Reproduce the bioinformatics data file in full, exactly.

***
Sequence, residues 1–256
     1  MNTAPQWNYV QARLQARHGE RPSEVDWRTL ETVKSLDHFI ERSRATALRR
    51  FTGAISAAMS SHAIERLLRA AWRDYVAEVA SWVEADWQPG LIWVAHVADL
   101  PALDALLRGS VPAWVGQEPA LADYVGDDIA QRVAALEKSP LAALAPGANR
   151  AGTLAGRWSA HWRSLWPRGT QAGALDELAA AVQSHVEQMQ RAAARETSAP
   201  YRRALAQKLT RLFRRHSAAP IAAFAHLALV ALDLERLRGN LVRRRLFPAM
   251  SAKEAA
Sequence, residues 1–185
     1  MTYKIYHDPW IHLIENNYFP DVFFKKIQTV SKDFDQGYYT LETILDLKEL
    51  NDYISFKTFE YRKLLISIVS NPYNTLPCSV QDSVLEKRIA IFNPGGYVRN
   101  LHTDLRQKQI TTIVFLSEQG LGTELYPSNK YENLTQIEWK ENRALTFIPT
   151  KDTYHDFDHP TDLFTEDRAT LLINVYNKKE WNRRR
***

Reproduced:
Sequence, residues 1–256
     1  MNTAPQWNYV QARLQARHGE RPSEVDWRTL ETVKSLDHFI ERSRATALRR
    51  FTGAISAAMS SHAIERLLRA AWRDYVAEVA SWVEADWQPG LIWVAHVADL
   101  PALDALLRGS VPAWVGQEPA LADYVGDDIA QRVAALEKSP LAALAPGANR
   151  AGTLAGRWSA HWRSLWPRGT QAGALDELAA AVQSHVEQMQ RAAARETSAP
   201  YRRALAQKLT RLFRRHSAAP IAAFAHLALV ALDLERLRGN LVRRRLFPAM
   251  SAKEAA
Sequence, residues 1–185
     1  MTYKIYHDPW IHLIENNYFP DVFFKKIQTV SKDFDQGYYT LETILDLKEL
    51  NDYISFKTFE YRKLLISIVS NPYNTLPCSV QDSVLEKRIA IFNPGGYVRN
   101  LHTDLRQKQI TTIVFLSEQG LGTELYPSNK YENLTQIEWK ENRALTFIPT
   151  KDTYHDFDHP TDLFTEDRAT LLINVYNKKE WNRRR